Gord Nelson holds up a catalytic converter at the Nelson Garage in Montreal Friday Jan.18, 2008. Converter thefts have increased dramatically as the price of platinum has skyrocketed with thieves getting upwards of $50 from unsrcupulous scrap metal dealers.THE CANADIAN PRESS/Ryan Remiorz

Gord Nelson holds up a catalytic converter at the Nelson Garage in Montreal Friday Jan.18, 2008. Converter thefts have increased dramatically as the price of platinum has skyrocketed with thieves getting upwards of $50 from unsrcupulous scrap metal dealers.THE CANADIAN PRESS/Ryan Remiorz

6 catalytic converters stolen in Vernon in 3 weeks

Insurance Bureau of Canada’s investigative services national director says there are ways to protect yours

Six catalytic converters have been reported stolen in Vernon in less than three weeks, police said Thursday.

“Suffice to say, this is an increase in this type of theft and it is an issue we are aware of,” Vernon North Okanagan RCMP media officer Const. Tania Finn said April 29.

In January, the Kelowna Boys and Girls Club was hit thrice by “cat thieves,” and all three times the vehicle was parked out front of the non-profit’s building.

The six reports of “cat thieves” in Vernon between April 8th and 26th isn’t all that surprising, according to Bryan Gast, the national director of the investigative services division of the Insurance Bureau of Canada (IBC).

“The theft of these catalytic converters isn’t new,” he said. “What is new is that the prices of the precious metals have gone up significantly.”

READ MORE: 3 catalytic converters stolen from Okanagan Boys and Girls Clubs vehicles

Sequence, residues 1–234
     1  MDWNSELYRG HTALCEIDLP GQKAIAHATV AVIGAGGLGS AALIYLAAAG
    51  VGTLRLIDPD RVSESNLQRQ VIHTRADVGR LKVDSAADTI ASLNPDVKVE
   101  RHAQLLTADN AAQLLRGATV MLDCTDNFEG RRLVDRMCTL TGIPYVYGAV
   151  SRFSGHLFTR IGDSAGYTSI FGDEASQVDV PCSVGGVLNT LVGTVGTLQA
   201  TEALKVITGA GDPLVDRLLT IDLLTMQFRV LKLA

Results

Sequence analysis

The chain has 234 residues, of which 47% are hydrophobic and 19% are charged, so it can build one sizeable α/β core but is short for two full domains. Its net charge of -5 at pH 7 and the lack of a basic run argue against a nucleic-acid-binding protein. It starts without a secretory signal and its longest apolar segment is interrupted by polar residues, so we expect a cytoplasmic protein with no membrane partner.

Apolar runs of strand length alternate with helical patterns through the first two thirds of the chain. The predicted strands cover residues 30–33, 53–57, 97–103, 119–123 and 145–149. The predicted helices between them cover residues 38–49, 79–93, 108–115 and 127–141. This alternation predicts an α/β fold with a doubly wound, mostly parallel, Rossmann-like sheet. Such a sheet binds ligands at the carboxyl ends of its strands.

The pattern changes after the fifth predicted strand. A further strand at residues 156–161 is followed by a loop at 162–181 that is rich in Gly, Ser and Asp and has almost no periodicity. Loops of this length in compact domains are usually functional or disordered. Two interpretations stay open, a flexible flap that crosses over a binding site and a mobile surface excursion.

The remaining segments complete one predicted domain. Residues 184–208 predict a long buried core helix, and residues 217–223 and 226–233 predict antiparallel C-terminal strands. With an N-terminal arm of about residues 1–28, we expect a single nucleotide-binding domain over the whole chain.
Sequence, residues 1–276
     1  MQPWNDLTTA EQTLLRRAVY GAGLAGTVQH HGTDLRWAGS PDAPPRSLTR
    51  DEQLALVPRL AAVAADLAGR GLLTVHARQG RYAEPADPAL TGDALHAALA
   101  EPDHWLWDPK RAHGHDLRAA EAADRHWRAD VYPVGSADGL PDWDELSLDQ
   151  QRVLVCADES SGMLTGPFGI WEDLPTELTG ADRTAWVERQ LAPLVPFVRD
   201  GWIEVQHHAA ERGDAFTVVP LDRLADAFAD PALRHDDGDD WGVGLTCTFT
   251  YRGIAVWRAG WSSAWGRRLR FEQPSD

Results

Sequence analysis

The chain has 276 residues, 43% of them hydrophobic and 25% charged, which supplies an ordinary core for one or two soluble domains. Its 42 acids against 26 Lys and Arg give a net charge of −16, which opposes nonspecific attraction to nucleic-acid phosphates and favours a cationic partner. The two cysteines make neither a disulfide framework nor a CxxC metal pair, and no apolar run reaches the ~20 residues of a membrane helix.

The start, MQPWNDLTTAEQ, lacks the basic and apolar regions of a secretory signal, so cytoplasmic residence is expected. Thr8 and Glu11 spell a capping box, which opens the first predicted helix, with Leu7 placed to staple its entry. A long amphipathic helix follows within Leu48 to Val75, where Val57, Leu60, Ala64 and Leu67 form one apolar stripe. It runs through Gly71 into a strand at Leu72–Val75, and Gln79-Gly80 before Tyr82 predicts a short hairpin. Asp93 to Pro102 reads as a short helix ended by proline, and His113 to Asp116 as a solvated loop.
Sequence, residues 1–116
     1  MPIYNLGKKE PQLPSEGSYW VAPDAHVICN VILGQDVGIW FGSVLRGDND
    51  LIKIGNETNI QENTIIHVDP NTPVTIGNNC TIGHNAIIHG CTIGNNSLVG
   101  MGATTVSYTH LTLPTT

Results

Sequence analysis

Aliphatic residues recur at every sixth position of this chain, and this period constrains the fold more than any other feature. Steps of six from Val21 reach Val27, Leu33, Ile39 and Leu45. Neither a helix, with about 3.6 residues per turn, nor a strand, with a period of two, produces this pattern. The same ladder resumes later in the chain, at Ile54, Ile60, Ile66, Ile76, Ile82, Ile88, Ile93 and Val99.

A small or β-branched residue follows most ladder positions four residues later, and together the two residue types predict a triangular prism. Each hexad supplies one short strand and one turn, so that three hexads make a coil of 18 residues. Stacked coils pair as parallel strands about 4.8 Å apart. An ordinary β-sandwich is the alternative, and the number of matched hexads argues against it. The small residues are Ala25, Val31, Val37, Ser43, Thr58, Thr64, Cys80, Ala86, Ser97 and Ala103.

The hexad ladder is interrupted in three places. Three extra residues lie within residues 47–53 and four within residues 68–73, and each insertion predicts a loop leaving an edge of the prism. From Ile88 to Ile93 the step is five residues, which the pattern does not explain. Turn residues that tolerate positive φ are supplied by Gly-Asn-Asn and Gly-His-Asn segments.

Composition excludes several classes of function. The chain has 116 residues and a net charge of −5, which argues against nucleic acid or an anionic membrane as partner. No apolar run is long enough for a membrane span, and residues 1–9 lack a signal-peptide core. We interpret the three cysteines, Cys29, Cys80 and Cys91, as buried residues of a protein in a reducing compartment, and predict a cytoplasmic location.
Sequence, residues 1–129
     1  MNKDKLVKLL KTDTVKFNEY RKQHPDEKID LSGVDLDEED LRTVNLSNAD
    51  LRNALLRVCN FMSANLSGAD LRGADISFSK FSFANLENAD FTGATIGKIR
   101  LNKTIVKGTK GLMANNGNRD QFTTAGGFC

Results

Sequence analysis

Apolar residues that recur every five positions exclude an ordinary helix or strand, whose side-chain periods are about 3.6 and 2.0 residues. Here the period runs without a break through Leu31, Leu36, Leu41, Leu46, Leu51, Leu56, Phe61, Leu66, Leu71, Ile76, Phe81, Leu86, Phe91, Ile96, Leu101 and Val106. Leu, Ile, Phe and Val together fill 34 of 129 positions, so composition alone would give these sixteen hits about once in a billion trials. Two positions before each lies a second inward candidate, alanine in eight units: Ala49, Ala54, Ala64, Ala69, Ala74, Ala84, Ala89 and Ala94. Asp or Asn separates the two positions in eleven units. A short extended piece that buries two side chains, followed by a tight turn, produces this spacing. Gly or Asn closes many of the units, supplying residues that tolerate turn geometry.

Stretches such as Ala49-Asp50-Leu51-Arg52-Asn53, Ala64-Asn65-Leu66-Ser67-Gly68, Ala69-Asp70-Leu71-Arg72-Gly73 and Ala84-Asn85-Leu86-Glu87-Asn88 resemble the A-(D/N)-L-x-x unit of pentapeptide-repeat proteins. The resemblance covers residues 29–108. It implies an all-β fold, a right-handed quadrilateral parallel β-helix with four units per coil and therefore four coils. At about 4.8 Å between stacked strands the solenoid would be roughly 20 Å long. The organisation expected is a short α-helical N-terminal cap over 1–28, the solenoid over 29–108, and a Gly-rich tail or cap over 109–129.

The exhaust emission control device, which reduces toxic gases and pollutants from the exhaust by converting it into something less potent through an oxidation and reduction reaction, is comprised of precious metals: rhodium, palladium and platinum.

The value of these metals has skyrocketed over the past five years. For instance, rhodium used to sell for around $640 an ounce in 2016 to more than $20,000.

“It’s worth more than gold,” Gast said — about 10 times as much.

But the people stealing them aren’t earning that. Gast said a catalytic converter would likely only go for a few hundred dollars at a scrapyard.

Part of the issue is that there is nothing in place that identifies the part as stolen such as a registration or tracking number, but that’s something the IBC is working on, Gast said.

Catalytic converter thefts are covered under comprehensive insurance, and the average claim amount for a converter theft in 2020 was $2,117. ICBC has received approximately 1,025 such claims throughout B.C. from 2020, according to data from March 2021.